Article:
Bipolar Androgen Therapy Yields Promising Results in Prostate Cancer

Bipolar Androgen Therapy Yields Promising Results in Prostate Cancer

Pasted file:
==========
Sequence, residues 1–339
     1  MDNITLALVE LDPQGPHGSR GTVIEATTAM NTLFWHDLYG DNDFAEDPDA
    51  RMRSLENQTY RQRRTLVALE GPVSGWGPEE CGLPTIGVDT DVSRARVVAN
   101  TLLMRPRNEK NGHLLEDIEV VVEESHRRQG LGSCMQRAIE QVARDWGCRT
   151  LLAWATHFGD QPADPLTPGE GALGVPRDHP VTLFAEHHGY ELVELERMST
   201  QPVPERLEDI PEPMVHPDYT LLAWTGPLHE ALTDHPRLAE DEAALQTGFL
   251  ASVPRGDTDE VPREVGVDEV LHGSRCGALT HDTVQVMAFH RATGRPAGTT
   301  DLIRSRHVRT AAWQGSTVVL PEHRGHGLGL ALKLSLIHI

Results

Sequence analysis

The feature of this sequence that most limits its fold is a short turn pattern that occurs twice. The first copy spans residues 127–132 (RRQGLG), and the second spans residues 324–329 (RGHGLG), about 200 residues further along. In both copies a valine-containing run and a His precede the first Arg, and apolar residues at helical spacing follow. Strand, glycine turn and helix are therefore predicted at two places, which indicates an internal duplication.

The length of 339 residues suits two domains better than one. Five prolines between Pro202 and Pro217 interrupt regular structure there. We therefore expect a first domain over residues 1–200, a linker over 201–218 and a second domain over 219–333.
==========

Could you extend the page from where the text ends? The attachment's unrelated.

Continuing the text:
Bipolar androgen therapy, where the body is alternately flooded with and starved of testosterone, is safe and effective for the treatment of metastatic prostate cancer, according to a study presented at the 28th Symposium on Molecular Targets and Cancer Therapeutics in Munich, Germany. The researchers, led by Samuel Denmeade, MD, professor of oncology at Johns Hopkins University School of Medicine in Baltimore, presented results from 47 men with metastatic prostate cancer resistant to chemical or surgical treatment who have completed at least three cycles of bipolar androgen therapy. For the study, RESTORE (NCT02090114), the researchers injected a high dose of testosterone (400 mg) into the muscle of the men every 28 days. The men continued to receive luteinizing hormone-releasing hormone (LHRH) agonist therapy to inhibit their natural testosterone production, but stopped treatment with the anti-cancer drugs Zytiga (abiraterone) and Xtandi (enzalutamide) that inhibit androgen receptor signaling, against which they had developed resistance. "Our goal is to shock the cancer cells by exposing them rapidly to very high, followed by very low, levels of testosterone in the blood," Denmeade said in a press release. The first arm of the study looked at 30 men who were treated with testosterone after their disease became resistant to Xtandi and started to progress. The results showed the levels of prostate specific antigen (PSA) decl
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